Editor’s note: This blog post has been updated to reflect some of the latest myths about COVID-19. Click here for more Shine365 articles about the virus.
With novel coronavirus (COVID-19) cases on the rise in Wisconsin and throughout the world, there have been many articles and much content shared on the topic. Unfortunately, this wealth of information has led to some misconceptions about the virus. Below, we dispel some common myths about COVID-19 and give you additional resources if you are looking to learn more.
“Masks don’t work because the COVID-19 virus is small and can go through the mask. ”
It’s true that the virus itself is miniscule, but the way it spreads is by hitch hiking on respiratory droplets, which are too large to go through a mask.
“A mask with a valve protects me and everyone around me.”
Masks with valves protect the person wearing the mask, but not the people around them. The valve allows your unfiltered breath out of the mask.
“Only elderly people are at risk.”
As a new virus, no one is immune to COVID-19 until they have been infected. However, it is important to know that some individuals are at a higher risk of getting very sick if they contract the virus. This includes:
- Elderly men and women.
- People who have chronic medical conditions like heart and lung disease or diabetes.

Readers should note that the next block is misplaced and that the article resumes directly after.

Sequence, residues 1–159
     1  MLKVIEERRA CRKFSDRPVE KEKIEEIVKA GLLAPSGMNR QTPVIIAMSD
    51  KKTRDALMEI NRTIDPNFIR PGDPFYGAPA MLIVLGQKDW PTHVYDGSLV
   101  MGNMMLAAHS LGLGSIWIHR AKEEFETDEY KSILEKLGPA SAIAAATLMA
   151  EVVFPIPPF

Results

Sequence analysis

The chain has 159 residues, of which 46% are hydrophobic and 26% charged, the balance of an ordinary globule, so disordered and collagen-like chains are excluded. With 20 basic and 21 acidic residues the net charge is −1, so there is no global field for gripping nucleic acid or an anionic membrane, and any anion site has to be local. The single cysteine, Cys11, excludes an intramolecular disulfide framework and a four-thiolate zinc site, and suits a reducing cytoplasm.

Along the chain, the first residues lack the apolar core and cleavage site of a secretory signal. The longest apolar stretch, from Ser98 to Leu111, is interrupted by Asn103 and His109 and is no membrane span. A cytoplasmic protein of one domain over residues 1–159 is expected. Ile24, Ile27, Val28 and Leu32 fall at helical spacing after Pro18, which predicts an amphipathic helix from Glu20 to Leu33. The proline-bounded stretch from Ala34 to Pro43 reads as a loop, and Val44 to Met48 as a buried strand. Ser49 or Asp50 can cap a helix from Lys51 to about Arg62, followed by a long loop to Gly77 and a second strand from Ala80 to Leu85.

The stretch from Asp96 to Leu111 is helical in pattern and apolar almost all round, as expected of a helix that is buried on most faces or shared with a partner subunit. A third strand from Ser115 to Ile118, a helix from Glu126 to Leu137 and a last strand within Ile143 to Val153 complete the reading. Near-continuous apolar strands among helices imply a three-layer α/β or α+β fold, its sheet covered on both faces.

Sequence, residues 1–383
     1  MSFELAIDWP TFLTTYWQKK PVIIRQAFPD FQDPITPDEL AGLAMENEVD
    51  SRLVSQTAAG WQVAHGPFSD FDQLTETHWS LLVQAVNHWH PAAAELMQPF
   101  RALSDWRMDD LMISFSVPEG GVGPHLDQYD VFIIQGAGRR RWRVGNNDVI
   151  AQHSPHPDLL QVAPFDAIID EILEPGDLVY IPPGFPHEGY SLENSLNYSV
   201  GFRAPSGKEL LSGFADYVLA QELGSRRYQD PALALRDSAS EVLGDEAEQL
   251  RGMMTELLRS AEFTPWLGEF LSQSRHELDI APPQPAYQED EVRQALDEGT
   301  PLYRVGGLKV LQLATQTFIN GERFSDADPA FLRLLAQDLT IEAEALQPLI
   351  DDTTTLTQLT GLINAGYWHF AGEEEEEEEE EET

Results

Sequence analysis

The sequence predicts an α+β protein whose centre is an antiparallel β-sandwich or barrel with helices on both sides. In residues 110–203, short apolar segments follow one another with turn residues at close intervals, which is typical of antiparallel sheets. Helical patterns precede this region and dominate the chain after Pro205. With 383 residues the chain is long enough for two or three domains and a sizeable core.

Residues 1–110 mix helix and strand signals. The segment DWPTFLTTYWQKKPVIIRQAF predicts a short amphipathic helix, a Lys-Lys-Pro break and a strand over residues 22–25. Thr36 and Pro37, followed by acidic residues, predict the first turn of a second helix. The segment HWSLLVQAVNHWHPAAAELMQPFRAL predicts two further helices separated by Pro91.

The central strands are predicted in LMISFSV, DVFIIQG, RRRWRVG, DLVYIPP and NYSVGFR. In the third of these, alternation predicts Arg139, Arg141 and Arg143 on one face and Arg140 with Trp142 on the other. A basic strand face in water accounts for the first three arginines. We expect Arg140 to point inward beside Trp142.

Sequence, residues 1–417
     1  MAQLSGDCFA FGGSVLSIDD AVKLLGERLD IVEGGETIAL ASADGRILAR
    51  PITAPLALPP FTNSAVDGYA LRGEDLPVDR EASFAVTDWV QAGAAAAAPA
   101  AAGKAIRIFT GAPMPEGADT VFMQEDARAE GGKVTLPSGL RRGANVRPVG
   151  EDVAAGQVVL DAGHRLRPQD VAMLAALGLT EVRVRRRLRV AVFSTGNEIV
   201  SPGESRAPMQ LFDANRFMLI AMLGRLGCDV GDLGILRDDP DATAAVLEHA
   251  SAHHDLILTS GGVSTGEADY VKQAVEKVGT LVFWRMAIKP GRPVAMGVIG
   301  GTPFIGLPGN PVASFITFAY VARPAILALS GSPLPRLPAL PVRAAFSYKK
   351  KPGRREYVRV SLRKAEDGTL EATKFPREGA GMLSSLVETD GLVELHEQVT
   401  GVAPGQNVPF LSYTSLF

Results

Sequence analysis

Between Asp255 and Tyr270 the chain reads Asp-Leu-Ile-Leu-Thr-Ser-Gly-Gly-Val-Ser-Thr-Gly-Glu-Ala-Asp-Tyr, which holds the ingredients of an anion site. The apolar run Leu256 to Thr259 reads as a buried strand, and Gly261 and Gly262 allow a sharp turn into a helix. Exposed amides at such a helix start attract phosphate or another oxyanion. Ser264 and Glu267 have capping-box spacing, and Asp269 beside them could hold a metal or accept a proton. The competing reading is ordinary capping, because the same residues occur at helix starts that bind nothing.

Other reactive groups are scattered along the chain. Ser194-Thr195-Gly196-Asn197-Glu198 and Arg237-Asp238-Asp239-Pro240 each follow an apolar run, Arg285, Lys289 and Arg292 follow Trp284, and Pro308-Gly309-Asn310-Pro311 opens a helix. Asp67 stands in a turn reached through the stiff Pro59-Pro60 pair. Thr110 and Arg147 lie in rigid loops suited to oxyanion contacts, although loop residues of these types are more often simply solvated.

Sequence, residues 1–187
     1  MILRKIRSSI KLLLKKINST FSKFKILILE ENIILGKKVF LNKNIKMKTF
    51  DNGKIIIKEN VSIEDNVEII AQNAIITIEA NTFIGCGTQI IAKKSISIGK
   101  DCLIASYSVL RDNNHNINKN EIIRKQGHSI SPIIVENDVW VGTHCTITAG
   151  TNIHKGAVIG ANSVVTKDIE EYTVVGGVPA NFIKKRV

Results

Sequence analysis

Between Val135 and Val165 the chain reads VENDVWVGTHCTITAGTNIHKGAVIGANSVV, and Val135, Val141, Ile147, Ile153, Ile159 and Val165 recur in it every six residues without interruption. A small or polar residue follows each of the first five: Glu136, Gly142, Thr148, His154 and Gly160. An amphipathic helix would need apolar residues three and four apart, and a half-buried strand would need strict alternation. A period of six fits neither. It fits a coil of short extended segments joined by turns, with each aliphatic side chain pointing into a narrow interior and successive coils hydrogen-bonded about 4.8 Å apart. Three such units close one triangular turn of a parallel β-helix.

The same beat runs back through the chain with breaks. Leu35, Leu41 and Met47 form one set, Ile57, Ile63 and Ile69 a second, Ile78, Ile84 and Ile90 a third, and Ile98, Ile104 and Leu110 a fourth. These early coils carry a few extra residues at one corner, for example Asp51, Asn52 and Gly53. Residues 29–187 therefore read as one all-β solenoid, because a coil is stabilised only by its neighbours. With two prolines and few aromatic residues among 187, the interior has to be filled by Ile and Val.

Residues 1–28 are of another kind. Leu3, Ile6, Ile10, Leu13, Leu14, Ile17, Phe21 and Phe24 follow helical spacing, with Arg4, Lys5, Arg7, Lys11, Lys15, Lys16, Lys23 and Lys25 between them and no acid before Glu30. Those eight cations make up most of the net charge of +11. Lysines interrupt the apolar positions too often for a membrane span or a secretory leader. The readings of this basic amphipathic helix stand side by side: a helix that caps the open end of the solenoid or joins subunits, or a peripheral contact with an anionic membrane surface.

“There is nothing I can do to prevent the spread of COVID-19.”
“Hydroxychloroquine is an approved treatment for COVID-19”
The FDA recently cautioned against using Hydroxychloroquine outside of a hospital setting or clinical trial due to risk of heart rhythm problems. There is little information on the benefits of the drug when used for COVID-19 and more research is needed.
“Ingesting or drinking substances like bleach will protect you from COVID-19”
Do not introduce cleaning products such as bleach, methanol or ethanol into your body under any circumstances. WHO notes that these substances will have no impact on the virus, are poisonous and will harm your internal organs.
“The virus could spread through the food that I eat.”
Before preparing or eating food, it is important that you practice proper hand hygiene. However, there is a very low risk of the virus being spread from food products and currently no evidence that supports transmission of COVID-19 via food.